Game of Truth
Three friends from university catch up some 20 years after graduation to reminisce about halcyon days gone by. Mark the cocky businessman, Gannadi the drab and depressed car salesman and Anatoli a washed up physicist meet in an apartment for what appears to be a standard semi-regular get-together. Banter, laughter and bickering ensue while drinks are consumed at a merry rate. All seems well – if not a little sad - until it is revealed that another guest has been invited on this occasion.
Maya, the girl of their dreams and one they obsessed over during their days at university is back after having lost contact with them many years ago. Emotions run high and near breaking point as the three men argue over who had the greater connection with her. In an attempt to bring stability Anatoli suggests a game of truth that only serves to create more tension amongst the group.
Based on a play of the same name Game of Truth is, like many stage plays, focused on one location. As such the filmmakers were tasked with making the location of Anatloli’s apartment as dynamic as possible for the screen. The production design compliments the characters and the ebb and flow of their emotions throughout the film. This provides an entertaining and unique cinema experience. The apartment is filled with colourful kitschy furniture and appliances set against faded, paint peeled walls and worn wooden doors. The whole place oozes nostalgia and hints of happier, more abundant times while acknowledging forgotten dreams and broken promises. Each room of the cosy but cramped apartment tells its own story and plays a central role in the performances of each character. The kitchen is a chaotic hive of activity as the men dance around each other one trying to prepare food, another pouring drinks and no one accomplishing either task very successfully. The dining room is set neatly and tranquilly until it is bombarded with the group’s boisterous and humorous conversations. The balcony provides an escape from the jibes and challenges from inside. Lights from inside the apartment as well as natural light also play a clear and integral role in the film. As a twist is revealed it becomes obvious that the day is drawing to a close and the apartment takes on a much more serious atmosphere. At one point when the conversation threatens to bring the friends to breaking point a thunderstorm rolls in. The same goes for moments of joy - a warm lamp illuminating faces - and laughter – sun streaming through the window.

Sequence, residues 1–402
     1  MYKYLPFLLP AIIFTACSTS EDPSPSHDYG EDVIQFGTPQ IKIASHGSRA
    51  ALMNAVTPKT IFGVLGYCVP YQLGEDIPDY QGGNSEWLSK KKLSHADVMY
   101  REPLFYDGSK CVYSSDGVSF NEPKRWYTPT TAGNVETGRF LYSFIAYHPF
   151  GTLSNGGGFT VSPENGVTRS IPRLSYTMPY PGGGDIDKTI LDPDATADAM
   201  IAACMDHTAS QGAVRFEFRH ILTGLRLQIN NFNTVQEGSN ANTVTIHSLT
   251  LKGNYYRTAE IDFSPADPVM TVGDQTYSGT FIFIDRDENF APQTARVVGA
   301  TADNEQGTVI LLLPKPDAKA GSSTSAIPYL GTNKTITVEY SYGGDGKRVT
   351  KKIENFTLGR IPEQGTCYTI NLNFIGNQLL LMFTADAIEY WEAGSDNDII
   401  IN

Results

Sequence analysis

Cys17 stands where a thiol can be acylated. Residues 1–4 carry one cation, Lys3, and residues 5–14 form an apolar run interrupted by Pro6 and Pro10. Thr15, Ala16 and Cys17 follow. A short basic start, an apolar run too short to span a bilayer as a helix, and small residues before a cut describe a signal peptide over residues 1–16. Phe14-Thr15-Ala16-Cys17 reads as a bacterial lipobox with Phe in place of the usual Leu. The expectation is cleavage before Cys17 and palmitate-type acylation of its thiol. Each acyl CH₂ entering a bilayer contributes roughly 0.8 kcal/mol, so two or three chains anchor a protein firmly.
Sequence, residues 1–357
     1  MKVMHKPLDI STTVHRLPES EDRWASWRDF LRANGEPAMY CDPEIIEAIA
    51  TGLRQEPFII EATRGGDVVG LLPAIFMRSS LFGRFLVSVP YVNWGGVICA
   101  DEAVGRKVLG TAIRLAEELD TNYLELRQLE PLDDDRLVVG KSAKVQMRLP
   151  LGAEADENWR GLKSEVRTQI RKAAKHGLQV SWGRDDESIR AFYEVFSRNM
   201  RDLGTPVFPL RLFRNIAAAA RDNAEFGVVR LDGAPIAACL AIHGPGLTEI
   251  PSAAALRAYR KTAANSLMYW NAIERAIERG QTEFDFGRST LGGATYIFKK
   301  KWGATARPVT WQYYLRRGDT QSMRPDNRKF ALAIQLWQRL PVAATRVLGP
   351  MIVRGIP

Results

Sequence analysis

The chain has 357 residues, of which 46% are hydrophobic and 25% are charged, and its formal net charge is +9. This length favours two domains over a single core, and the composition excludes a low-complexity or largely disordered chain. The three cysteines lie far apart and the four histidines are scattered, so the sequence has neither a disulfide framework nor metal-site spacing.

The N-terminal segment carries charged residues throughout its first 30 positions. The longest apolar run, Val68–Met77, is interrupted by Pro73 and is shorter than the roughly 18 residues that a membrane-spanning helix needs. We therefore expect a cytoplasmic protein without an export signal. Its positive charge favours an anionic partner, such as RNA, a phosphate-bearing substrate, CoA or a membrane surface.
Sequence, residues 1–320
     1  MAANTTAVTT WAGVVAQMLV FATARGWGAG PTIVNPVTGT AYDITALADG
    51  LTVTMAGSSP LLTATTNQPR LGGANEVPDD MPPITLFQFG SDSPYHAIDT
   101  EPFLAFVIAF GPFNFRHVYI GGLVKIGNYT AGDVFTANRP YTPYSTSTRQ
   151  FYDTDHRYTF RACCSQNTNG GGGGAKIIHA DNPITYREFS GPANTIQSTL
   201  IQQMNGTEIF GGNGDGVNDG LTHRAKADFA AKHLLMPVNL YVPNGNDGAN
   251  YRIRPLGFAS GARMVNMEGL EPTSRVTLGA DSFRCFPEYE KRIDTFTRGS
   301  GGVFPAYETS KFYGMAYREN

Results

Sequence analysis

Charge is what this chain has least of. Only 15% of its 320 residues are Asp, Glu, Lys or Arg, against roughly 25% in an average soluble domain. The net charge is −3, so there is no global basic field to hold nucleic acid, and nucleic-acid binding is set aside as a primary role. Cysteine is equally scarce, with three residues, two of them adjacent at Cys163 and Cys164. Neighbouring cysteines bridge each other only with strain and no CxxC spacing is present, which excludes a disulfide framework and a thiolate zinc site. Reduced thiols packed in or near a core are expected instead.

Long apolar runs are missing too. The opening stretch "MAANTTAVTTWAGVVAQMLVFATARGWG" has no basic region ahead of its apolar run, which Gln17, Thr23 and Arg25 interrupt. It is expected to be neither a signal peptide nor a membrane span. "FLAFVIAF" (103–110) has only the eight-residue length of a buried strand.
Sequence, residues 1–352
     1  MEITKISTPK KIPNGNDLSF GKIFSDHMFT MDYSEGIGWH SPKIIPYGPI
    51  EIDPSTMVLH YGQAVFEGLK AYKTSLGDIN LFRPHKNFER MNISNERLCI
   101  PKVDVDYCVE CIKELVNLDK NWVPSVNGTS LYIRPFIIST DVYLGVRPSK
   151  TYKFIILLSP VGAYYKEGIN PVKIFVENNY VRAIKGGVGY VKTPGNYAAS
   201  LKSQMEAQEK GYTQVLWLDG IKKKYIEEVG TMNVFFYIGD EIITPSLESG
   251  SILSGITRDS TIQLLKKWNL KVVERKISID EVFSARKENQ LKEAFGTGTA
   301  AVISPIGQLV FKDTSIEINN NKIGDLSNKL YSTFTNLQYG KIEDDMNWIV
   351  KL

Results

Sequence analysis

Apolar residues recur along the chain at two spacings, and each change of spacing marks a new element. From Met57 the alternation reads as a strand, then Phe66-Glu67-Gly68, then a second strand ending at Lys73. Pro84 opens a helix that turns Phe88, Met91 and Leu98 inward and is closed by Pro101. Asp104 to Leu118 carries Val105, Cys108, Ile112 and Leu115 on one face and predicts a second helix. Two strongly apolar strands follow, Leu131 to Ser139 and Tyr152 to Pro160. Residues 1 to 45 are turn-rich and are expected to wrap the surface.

All these elements bring together a well cast comedy that is energising, heart-warming and even cute at times. Again, perhaps typical of a stage plays, the dialogue is second to none. Lines come thick and fast leaving next to no time for exaggerated cinematic long shots or pensive emotionless faces (sorry cinematographers!). But it does what all good dialogue does, it holds your attention and entertains you for the entire film.
Duration: 90mins Director: Viktor Shamirov Cast: Irina Apeksimova, Gosha Kutsenko, Konstantin Ushekevich, Dmitry Marianov